What to do about "S" curves (neck warp)

Discussion in 'Hardware, Setup & Repair [BG]' started by um... yeah, Jun 1, 2004.

  1. ...Just took delivery of a fender 70's special Edition Jazz Bass (my first online purchase) and the neck came with a substantial bow in it.
    I live in Toronto Canada and the bass came from California, so I was expecting a little wonkiness at the start.
    Initial setup was garbage and I soon found out the bullet nut was almost fully engaged before I could even consider further adjustments, so I added three washers under the bullet hoping it would work.
    Since yesterday, I've been trying to coax this baby to play the way I want it to and after going to the Gary Willis school of truss adjustment, I feel I deserve a friggin diploma. :mad:
    The lower register is starting to buzz a bit and the upper is still bowed ever so slightly-the classic "S" curve.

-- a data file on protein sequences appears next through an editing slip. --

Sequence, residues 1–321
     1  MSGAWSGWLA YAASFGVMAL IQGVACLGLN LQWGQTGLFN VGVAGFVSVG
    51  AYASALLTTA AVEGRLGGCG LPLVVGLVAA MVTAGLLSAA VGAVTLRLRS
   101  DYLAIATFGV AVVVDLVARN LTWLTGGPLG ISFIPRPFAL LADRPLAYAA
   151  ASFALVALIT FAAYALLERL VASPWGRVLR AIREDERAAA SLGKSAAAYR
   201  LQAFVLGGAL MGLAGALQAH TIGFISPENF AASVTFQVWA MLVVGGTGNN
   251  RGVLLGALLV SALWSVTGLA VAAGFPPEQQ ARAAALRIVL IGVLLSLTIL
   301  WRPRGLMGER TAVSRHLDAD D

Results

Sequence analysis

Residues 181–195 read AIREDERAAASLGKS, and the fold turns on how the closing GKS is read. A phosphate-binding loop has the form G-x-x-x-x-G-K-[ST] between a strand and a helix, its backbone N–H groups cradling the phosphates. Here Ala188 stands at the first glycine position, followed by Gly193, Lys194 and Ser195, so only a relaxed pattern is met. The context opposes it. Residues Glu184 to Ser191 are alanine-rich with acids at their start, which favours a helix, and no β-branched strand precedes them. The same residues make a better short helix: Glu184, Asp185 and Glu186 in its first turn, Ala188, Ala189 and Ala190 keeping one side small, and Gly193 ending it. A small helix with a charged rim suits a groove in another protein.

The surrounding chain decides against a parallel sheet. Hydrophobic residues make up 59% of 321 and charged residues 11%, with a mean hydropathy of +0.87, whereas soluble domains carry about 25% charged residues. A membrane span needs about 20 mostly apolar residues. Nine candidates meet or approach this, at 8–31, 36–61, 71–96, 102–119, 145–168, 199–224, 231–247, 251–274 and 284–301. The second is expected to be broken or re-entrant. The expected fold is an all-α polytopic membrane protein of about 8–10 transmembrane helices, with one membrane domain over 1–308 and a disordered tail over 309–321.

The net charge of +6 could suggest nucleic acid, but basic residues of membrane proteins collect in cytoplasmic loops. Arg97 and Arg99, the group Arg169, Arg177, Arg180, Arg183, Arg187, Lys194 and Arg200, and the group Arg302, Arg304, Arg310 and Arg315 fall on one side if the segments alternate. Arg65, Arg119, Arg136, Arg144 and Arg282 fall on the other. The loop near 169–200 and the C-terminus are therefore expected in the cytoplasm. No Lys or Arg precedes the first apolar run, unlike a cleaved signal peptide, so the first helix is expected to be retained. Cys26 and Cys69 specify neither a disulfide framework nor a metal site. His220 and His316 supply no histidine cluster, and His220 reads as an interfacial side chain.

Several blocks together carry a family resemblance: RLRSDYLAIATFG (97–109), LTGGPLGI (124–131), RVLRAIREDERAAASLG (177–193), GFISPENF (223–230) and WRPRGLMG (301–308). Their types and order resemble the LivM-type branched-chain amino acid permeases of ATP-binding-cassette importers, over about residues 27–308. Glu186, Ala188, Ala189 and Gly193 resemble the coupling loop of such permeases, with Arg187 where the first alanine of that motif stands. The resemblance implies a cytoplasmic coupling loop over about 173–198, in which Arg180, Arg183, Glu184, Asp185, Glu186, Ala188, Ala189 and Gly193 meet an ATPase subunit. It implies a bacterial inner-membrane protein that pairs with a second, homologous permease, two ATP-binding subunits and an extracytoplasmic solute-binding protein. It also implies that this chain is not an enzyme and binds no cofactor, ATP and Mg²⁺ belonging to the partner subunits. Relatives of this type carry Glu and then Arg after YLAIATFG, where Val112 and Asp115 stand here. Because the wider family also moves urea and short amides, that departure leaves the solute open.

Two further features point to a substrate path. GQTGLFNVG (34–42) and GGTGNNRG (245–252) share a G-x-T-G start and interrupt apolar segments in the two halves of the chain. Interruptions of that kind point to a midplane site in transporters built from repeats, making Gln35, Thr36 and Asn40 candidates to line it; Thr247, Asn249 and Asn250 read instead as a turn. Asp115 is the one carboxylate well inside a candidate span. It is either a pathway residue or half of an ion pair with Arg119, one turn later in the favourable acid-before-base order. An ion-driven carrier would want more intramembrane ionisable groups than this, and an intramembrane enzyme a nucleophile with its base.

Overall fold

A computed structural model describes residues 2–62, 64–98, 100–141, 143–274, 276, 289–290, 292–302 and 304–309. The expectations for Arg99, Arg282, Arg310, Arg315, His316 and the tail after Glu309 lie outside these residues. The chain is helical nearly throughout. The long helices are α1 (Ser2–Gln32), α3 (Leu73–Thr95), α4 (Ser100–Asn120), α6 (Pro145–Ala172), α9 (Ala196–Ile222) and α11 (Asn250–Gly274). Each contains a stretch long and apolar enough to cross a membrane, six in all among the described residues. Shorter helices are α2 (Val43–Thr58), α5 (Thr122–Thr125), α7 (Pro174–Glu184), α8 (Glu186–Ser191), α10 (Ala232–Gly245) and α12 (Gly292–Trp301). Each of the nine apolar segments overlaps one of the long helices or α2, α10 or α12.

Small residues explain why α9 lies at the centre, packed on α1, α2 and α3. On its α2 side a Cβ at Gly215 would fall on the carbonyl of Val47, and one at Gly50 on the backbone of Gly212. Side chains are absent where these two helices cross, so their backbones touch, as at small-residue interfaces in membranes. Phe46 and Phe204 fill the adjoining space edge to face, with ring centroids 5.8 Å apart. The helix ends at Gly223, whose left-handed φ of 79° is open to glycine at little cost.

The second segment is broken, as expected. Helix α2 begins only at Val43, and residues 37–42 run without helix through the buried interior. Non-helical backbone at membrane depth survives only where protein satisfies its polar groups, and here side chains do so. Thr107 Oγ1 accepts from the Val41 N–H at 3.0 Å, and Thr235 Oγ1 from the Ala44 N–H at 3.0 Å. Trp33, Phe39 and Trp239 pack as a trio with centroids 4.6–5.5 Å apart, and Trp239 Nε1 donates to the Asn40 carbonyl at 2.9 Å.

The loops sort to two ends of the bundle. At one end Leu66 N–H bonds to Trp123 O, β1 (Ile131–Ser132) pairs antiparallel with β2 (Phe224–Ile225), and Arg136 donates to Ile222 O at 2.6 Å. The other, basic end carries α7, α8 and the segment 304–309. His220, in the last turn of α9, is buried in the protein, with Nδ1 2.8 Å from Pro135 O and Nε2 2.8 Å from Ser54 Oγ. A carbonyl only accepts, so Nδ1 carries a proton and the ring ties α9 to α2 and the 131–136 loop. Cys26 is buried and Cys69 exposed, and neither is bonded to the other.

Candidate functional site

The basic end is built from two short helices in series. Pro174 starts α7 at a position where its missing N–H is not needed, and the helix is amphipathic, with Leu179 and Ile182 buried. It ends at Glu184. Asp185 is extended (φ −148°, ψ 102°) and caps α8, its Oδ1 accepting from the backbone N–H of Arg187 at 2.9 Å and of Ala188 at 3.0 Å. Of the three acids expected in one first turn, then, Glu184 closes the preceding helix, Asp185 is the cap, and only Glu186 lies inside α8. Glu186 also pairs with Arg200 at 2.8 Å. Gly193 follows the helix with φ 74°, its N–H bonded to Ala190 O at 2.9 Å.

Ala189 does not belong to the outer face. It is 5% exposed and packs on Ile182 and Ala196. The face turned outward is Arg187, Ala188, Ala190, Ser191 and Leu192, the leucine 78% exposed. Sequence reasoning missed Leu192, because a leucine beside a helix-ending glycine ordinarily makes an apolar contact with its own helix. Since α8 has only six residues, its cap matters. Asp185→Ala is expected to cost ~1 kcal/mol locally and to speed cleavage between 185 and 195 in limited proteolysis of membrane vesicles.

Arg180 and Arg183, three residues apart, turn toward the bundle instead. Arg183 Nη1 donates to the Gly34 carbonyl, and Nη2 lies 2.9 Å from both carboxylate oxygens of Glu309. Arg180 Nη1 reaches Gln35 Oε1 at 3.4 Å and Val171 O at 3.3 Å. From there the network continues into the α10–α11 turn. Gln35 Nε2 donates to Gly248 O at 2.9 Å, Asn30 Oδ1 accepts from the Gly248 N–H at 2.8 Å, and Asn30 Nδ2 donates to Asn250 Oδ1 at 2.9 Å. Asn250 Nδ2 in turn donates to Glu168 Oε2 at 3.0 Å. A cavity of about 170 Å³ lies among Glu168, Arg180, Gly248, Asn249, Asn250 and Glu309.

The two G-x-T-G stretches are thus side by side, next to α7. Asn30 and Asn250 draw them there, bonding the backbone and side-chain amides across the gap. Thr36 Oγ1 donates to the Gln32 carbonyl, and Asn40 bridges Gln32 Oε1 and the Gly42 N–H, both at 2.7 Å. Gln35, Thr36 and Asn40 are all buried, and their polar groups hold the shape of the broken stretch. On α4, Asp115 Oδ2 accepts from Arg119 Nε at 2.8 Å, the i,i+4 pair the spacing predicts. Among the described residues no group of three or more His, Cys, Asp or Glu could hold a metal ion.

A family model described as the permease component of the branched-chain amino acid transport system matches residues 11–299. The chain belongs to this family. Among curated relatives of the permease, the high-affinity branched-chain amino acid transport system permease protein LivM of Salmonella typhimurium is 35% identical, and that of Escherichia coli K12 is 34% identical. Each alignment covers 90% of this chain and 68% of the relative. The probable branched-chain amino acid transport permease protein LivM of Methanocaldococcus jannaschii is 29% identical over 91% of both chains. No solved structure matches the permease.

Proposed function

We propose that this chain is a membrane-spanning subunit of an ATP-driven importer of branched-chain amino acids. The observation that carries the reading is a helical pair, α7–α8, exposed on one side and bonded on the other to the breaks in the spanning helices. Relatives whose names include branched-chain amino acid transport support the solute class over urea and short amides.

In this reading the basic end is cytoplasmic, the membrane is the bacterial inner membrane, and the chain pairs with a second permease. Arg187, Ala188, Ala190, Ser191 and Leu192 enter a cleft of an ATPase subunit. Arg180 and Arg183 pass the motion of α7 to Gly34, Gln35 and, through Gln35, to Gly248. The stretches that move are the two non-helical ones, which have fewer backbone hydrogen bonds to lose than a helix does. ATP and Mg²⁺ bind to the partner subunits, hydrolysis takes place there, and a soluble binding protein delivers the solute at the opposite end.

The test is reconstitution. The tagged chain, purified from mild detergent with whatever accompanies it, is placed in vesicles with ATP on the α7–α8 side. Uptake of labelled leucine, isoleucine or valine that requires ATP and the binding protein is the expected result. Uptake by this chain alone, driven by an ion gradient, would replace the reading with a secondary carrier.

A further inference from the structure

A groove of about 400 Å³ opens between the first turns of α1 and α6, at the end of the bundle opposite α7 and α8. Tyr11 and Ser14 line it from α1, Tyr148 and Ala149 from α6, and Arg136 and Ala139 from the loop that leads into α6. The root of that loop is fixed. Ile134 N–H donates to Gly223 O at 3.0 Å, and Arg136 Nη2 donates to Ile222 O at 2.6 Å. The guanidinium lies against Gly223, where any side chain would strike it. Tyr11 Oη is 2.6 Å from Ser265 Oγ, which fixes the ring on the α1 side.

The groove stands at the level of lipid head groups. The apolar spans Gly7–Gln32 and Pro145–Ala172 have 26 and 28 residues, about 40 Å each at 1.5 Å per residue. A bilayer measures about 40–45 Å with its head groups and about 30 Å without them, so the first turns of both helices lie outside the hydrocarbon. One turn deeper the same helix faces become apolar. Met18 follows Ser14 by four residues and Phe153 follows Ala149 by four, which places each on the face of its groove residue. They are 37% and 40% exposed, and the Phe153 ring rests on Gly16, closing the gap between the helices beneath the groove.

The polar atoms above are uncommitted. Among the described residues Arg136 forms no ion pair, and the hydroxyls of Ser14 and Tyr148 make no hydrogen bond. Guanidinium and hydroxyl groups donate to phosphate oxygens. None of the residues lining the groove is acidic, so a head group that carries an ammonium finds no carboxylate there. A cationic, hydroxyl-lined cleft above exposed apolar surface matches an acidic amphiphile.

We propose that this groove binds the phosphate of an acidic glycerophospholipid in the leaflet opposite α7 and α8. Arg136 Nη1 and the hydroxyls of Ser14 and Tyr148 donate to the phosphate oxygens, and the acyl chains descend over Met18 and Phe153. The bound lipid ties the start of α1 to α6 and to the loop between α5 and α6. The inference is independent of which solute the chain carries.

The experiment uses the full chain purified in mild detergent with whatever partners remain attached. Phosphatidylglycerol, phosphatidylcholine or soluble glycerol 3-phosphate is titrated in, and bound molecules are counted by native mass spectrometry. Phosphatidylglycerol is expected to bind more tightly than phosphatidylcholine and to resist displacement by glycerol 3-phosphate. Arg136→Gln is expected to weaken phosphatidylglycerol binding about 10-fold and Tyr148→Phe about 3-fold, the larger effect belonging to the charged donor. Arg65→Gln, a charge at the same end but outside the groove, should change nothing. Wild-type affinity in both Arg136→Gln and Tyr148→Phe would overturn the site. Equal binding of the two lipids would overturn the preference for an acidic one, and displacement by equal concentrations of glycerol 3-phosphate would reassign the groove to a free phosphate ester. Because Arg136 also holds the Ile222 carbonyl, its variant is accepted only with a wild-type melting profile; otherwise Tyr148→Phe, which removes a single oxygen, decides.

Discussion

Does anyone have any remedies for this problem?
  2. Thank you Treena,
    That article brings back alot of memories. Pretty much most of what's in there I already know. But thanks :)

    After more struggle, I guess the truss rod has decided it's too hard a job to keep the neck straight; it's better now, but every night I've tried to tighten the rod a little bit more, the following morning the bass strings are still high and feel like bridge cables. Why is this happening? :crying:
    The truss rod is maxed out, so there is no more room to tighten.
  3. Well first off if the truss rod is maxed out and there is still to much bow loosen the strings until the neck straightens out (Don't just keep loosening them, do it enough to straighten out the neck). The truss rod shouldn't be fighting THAT hard against string tension. Anytime you are trying to tighten the rod it's best to loosen the strings.

    Thats as much sound advice as I can give, maybe Hambone or someone will come through and offer a little more.